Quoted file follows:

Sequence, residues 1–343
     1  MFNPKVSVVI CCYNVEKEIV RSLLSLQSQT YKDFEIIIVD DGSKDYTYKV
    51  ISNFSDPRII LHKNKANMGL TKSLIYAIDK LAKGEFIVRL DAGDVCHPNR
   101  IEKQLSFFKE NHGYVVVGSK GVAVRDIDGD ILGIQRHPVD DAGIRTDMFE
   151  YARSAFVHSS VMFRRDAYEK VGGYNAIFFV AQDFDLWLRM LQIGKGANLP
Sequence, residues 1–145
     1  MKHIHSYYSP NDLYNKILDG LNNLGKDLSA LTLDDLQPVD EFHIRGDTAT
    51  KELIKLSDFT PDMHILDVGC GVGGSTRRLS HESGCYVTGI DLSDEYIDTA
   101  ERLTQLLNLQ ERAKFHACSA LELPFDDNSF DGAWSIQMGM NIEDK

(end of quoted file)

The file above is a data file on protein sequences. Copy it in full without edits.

Sequence, residues 1–343
     1  MFNPKVSVVI CCYNVEKEIV RSLLSLQSQT YKDFEIIIVD DGSKDYTYKV
    51  ISNFSDPRII LHKNKANMGL TKSLIYAIDK LAKGEFIVRL DAGDVCHPNR
   101  IEKQLSFFKE NHGYVVVGSK GVAVRDIDGD ILGIQRHPVD DAGIRTDMFE
   151  YARSAFVHSS VMFRRDAYEK VGGYNAIFFV AQDFDLWLRM LQIGKGANLP
Sequence, residues 1–145
     1  MKHIHSYYSP NDLYNKILDG LNNLGKDLSA LTLDDLQPVD EFHIRGDTAT
    51  KELIKLSDFT PDMHILDVGC GVGGSTRRLS HESGCYVTGI DLSDEYIDTA
   101  ERLTQLLNLQ ERAKFHACSA LELPFDDNSF DGAWSIQMGM NIEDK